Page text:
New committee takes charge of Kaesong parkNorth and South Korea revealed the fine print of the agreement the two nations signed yesterday to establish a new 12-member joint committee to oversee the management of the Kaesong Industrial Complex. The aim is to prevent another arbitrary shutdown, protect investors and boost the competitiveness of the park.
A spokesman for Seoul’s Ministry of Unification said Kim Ki-woong, the chief negotiator from the South, and his North Korean counterpart Pak Chol-su exchanged final signed agreements for the normalization of operations at Kaesong at 4 p.m. yesterday at the truce village of Panmunjom.
The agreement says the committee will consist of one chair and five members for each side, the Unification Ministry said. Both chairs will preside over the committee and will be supported by businessmen, labor representatives and other experts. Four subcommittees were also set up to oversee entries and lengths of stay at the industrial park; protection of investors; transport, customs and communications; and improving the global economic competitiveness of the industrial park.
The investor protection subcommittee will look into allegations of illegal acts, protect assets and resolve problems between the parties to “advance the managing and operating of the Kaesong Industrial Complex to international standards,” according to the agreement.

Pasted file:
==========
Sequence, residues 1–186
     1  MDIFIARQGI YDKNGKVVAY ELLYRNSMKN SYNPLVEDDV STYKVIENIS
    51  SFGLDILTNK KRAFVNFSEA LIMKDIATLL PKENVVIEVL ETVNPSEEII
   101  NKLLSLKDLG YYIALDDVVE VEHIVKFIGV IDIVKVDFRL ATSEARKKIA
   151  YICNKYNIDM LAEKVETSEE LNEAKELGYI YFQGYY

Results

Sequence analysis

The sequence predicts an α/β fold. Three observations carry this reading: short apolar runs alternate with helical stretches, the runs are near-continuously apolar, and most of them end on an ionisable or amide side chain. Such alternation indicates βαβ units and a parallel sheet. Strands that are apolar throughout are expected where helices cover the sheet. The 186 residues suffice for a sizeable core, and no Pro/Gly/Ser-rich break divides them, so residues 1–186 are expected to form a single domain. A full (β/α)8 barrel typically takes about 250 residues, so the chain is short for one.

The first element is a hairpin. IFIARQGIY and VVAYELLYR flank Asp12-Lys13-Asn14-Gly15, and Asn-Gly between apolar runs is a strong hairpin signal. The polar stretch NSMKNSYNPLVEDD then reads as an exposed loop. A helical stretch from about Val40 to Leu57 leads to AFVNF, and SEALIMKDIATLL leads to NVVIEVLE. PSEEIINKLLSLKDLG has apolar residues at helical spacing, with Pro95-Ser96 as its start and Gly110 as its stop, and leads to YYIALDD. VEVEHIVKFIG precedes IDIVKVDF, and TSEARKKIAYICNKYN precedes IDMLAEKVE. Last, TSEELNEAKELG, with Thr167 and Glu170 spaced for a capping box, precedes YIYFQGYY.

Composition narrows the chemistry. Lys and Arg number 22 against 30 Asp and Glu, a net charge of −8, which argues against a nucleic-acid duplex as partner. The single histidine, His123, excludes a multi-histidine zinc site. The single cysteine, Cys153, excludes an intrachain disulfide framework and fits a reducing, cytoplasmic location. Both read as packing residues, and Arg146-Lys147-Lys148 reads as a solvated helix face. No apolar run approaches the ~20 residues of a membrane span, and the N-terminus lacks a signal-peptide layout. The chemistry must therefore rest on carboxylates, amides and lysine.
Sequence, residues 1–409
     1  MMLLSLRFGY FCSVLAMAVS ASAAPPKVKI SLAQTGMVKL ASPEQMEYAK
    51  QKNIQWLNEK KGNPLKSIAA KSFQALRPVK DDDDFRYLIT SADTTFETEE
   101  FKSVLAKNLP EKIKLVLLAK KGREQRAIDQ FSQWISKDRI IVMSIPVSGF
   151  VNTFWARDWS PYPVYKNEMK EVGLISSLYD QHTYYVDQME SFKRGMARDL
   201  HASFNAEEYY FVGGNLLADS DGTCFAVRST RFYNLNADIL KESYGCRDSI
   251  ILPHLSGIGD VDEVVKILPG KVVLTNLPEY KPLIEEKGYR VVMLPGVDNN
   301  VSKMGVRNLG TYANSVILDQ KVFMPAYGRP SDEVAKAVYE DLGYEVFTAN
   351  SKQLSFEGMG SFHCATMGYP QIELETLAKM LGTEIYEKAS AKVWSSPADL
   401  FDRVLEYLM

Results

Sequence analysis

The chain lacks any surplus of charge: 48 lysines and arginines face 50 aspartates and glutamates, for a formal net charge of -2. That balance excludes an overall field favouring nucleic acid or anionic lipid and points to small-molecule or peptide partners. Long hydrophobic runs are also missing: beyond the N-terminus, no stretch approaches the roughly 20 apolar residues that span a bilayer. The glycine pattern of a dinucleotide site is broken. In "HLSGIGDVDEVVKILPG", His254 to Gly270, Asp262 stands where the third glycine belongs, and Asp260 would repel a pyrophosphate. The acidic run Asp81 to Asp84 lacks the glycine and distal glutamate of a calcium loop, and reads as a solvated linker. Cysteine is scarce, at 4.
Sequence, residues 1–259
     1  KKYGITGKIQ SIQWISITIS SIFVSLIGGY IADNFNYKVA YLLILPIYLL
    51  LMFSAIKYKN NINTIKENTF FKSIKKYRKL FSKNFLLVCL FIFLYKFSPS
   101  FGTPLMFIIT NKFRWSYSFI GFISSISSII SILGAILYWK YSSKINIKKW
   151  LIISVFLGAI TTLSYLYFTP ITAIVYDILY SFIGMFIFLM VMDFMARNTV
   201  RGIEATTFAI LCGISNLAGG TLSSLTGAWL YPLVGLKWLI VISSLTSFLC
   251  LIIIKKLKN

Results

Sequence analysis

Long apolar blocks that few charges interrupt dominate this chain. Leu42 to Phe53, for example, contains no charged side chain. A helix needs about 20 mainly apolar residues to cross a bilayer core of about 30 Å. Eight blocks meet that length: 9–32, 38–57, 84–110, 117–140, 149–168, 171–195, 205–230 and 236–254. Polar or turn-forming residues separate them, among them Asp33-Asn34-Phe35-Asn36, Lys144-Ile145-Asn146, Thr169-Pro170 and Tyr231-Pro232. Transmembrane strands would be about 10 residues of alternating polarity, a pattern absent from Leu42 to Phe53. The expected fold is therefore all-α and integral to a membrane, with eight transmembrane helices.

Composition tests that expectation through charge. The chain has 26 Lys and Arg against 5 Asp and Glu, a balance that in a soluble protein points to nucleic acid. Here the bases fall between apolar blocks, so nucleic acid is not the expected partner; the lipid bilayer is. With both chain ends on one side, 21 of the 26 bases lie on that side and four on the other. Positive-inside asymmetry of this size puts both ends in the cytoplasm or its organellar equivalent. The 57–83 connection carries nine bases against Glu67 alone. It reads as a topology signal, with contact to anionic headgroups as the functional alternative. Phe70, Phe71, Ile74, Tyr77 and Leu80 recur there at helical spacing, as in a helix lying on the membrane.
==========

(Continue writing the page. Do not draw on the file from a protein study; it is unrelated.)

The committee will meet quarterly and the subcommittees monthly.
North Korea agreed to hold the first meeting of the new established committee on Monday at Kaesong, when it is expected to discuss the formation of a secretariat for the joint committee and set a date for the reopening of the park.
Kaesong has been closed since April after North Korea withdrew its workers. Preventing another such incident was the main focus of talks on Aug. 14. In the past, the park was managed by the North’s General Bureau for Development Guidance of Central Special Zone.
Separately, Seoul and Pyongyang also exchanged lists yesterday of potential participants in the next reunion of families separated during the 1950-53 Korean War. Those reunions are scheduled for Sept. 25-30 at the Mount Kumgang resort in North Korea.
BY SARAH KIM [firstname.lastname@example.org]